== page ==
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Below is a family biography included in History of Lee County, Iowa published by Western Historical Company in 1879.  These biographies are valuable for genealogy research in discovering missing ancestors or filling in the details of a family tree. Family biographies often include far more information than can be found in a census record or obituary.  Details will vary with each biography but will often include the date and place of birth, parent names including mothers' maiden name, name of wife including maiden name, her parents' names, name of children (including spouses if married), former places of residence, occupation details, military service, church and social organization affiliations, and more.  There are often ancestry details included that cannot be found in any other type of genealogical record.

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BELKNAP, WILLIAM W., GEN., is the son of Gen. William G. Belknap, of the United States Army, who distinguished himself in the war of 1812, in the Florida war, and at Resaca and Buena Vista in the war with Mexico, and died in the service in 1851, in Texas. He was born at Newburg, New York, in 1829, and, after attending the high school and academy there, and pursuing his studies in Florida, where his father was stationed, he entered Princeton College in 1846, and graduated in 1848. Alter studying law in Georgetown, D. C., and being admitted to the bar in Washington City, he went, in July, 1851, to Keokuk and commenced the practice of the law, shortly afterward forming a partnership with Hon. R. P. Lowe (who was soon after elected) District Judge, and later Governor and Chief Justice of the Supreme Court of the State), and brought his mother and two sisters there in 1852. He was a member of the Legislature from Lee County, in 1857, as a representative of the Democratic party; but, being a strong Douglas Democrat, and not uniting with the members of that party who favored what was known as the Lecompton Constitution of Kansas, which was an important and exciting question in the politics of the party, he joined the Republican party. He was appointed Major of the 15th Iowa Vols., by Gov. Kirkwood, in 1861, of which regiment Gen. Hugh T. Reid was Colonel, and participated in that capacity in the battle of Shiloh, where he was wounded and had his horse shot under him. He remained in the army until the close of the war, rising gradually through the grades of Lieutenant Colonel and Colonel; was appointed Brigadier General of Volunteers, by President Lincoln, in 1864, on the recommendation of his Commanders, Gens. Blair and Sherman, and was brevetted Major General in 1865 for gallant and meritorious services during the war. Having, as Brigadier General of Volunteers commanded the 3d Brigade, 4th Division, 17th Army Corps (Blair’s) of the army of the Tennessee (McPherson’s); he was in numerous battles; among them, Shiloh, Corinth, the several battles near Atlanta, and the battle of Bentonville, N. C. He was engaged in the siege of Corinth, Vicksburg and of Atlanta, and commanded his Brigade (composed of the 11th, 13th, 15th and 16th Iowa Regiments), under Sherman in his march from Atlanta to the sea; thence to Goldsboro, Raleigh and Washington. He was repeatedly mentioned for coolness and courage, and in the battle of Atlanta, July 22, 1864, he took prisoner Col. Lampley, 45th Alabama, by pulling him over the works by his coat collar. At the close of the war, he was appointed Collector of Internal Revenue for the 1st District of Iowa. On the accession of Gen. Grant to the Presidency, he was offered the choice of either one of three important public positions in another State, and one at Washington, which he declined, and remained Collector of the 1st District (comprising the counties of Lee, Des Moines, Louisa, Washington, Jefferson, Van Buren, Henry, and Davis), until October, 1869, when he was appointed Secretary of War by President Grant, and his many friends point to the records of that office for the proof of his faithful labors for a term of over six years. Prior to this appointment, he was selected as the orator for the Army of the Tennessee at the re-union of all the Western armies, at Crosby’s Opera House, Chicago, December, 1868, and delivered the address at the great Reunion of Iowa soldiers, at Des Moines, in September, 1870. After his resignation of the office of Secretary of War, articles of impeachment were presented against him, and, after a protracted and thorough trial, he was acquitted by the Senate. Gen. Belknap married, in 1854, Miss LeRoy, of Keokuk, the sister of Mrs. Hugh T. Reid, and their son, Hugh Reid Belknap, is now a student at Phillips Academy, Andover, Mass. His present wife, whom he married in 1873, formerly Miss Tomlinson, of Harrodsburg, Ky., is the daughter of the late Dr. John Tomlinson, an able and famous physician of that locality. They have one child, a daughter, Alice Belknap. Since leaving the War Department Gen. Belknap has been engaged in legal practice; his residence is Keokuk, but his business before the Departments at Washington, a large part of which results from his employment as attorney: by several Railroad Corporations, requires him to be absent from home during a portion of each year.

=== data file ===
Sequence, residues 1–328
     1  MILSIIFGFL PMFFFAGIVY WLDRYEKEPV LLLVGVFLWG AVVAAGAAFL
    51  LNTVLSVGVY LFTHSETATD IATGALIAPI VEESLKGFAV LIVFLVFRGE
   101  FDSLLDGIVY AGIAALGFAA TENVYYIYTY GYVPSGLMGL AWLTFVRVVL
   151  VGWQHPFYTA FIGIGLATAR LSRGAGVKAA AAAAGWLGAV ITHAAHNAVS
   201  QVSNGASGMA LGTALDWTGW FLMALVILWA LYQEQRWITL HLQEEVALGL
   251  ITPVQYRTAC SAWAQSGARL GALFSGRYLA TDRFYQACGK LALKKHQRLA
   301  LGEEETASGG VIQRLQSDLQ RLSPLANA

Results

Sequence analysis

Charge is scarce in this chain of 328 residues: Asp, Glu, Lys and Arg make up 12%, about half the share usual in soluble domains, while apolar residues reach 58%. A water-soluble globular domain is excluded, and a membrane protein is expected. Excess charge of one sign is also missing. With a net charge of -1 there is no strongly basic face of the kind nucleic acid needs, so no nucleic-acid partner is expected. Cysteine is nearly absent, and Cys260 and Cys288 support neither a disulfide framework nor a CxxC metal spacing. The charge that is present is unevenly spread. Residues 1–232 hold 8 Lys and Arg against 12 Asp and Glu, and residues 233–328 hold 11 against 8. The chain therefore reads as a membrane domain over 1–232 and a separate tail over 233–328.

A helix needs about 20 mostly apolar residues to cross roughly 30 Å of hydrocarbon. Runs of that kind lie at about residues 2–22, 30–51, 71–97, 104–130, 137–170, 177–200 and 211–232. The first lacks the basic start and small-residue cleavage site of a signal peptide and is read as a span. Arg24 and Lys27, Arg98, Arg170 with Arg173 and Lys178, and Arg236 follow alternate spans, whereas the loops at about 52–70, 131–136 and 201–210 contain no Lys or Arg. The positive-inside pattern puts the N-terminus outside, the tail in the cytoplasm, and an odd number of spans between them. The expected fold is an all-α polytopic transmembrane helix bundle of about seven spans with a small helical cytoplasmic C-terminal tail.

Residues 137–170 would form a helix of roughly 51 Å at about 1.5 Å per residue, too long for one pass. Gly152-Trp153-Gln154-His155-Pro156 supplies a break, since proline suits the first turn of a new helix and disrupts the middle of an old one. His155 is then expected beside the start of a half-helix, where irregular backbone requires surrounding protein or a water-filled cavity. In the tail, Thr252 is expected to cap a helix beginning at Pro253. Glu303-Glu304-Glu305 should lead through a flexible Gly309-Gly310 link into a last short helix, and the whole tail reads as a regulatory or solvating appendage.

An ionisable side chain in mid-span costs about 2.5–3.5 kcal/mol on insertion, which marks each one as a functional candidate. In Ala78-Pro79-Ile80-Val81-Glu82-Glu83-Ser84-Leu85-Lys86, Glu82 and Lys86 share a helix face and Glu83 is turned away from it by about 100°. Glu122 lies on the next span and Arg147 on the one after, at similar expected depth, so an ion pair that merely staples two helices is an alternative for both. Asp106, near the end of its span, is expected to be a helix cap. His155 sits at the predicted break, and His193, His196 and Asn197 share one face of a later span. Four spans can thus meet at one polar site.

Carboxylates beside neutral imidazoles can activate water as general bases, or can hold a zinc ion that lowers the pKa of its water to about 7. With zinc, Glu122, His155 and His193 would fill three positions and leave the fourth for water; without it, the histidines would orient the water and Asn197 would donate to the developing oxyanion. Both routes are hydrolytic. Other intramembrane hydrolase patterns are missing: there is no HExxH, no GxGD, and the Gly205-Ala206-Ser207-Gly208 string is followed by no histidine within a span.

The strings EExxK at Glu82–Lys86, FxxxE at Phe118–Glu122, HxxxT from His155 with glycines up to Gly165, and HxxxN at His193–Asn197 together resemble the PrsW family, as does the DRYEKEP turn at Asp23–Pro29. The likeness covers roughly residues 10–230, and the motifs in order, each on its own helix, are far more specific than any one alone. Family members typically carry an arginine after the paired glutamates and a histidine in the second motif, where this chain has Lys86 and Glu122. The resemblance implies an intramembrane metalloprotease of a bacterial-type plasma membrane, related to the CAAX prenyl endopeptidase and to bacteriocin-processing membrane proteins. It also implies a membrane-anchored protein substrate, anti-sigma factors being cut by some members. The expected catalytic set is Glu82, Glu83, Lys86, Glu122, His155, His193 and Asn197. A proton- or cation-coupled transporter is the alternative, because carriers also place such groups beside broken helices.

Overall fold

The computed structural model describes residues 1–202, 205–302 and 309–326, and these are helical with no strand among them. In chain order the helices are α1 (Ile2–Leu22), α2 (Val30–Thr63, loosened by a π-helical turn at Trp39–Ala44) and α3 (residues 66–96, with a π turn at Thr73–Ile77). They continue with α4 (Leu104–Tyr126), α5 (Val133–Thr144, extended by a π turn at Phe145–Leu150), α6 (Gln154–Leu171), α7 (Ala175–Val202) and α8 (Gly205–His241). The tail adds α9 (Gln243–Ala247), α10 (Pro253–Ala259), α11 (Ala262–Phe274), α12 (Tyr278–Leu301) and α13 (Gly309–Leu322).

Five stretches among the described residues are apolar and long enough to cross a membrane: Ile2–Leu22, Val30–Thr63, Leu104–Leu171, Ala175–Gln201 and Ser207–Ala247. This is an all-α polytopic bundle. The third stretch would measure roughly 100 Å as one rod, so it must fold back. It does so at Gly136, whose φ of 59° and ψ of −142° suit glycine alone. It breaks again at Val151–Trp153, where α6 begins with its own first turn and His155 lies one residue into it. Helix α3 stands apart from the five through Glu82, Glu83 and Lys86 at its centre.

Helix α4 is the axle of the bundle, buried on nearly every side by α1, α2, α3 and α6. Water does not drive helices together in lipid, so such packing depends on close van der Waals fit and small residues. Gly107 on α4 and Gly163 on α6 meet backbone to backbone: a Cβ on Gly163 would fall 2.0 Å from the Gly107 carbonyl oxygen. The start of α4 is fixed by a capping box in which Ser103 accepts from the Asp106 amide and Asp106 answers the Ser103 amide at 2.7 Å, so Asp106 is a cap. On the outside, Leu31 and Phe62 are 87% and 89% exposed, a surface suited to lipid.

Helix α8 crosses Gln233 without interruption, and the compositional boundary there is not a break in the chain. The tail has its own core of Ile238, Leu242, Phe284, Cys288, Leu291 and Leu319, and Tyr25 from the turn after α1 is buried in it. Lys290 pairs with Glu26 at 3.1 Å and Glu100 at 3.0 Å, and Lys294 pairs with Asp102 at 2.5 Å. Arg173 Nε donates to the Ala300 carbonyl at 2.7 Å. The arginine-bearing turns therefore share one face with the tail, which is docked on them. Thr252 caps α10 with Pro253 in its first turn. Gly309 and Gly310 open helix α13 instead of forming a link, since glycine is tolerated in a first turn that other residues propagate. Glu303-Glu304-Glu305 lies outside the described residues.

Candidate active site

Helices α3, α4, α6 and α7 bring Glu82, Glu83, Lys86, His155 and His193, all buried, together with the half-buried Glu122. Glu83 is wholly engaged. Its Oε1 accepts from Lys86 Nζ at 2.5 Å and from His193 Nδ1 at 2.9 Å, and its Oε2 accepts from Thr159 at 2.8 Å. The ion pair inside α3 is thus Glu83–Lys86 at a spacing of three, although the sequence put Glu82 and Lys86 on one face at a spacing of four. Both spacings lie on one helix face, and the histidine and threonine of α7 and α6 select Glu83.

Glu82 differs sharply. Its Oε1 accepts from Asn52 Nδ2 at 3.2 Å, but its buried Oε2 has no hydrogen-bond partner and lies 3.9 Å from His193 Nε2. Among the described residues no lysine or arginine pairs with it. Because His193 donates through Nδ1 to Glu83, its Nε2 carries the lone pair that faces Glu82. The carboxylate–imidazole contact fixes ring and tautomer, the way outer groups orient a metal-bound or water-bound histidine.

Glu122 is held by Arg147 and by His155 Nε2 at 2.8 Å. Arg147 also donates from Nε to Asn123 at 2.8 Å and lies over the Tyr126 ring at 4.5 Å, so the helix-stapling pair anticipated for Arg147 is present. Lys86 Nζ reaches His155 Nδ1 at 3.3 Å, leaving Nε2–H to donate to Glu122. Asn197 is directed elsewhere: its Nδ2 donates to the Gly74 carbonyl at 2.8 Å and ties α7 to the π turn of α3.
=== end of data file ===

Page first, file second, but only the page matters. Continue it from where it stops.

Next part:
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This family biography is one of 668 biographies included in The History of Lee County, Iowa published in 1879.  For the complete description, click here: Lee County, Iowa History and Genealogy

View additional Lee County, Iowa family biographies: Lee County, Iowa Biographies

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